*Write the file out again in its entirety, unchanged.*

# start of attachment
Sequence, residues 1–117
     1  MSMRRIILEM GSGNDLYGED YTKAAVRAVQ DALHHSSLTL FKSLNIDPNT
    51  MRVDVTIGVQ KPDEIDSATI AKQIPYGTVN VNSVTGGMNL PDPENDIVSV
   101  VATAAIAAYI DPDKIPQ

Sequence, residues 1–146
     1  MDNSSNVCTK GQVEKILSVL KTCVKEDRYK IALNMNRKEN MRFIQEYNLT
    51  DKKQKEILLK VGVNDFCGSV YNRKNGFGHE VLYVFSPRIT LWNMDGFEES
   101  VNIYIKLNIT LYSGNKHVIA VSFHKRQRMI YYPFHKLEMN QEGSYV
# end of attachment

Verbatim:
Sequence, residues 1–117
     1  MSMRRIILEM GSGNDLYGED YTKAAVRAVQ DALHHSSLTL FKSLNIDPNT
    51  MRVDVTIGVQ KPDEIDSATI AKQIPYGTVN VNSVTGGMNL PDPENDIVSV
   101  VATAAIAAYI DPDKIPQ

Sequence, residues 1–146
     1  MDNSSNVCTK GQVEKILSVL KTCVKEDRYK IALNMNRKEN MRFIQEYNLT
    51  DKKQKEILLK VGVNDFCGSV YNRKNGFGHE VLYVFSPRIT LWNMDGFEES
   101  VNIYIKLNIT LYSGNKHVIA VSFHKRQRMI YYPFHKLEMN QEGSYV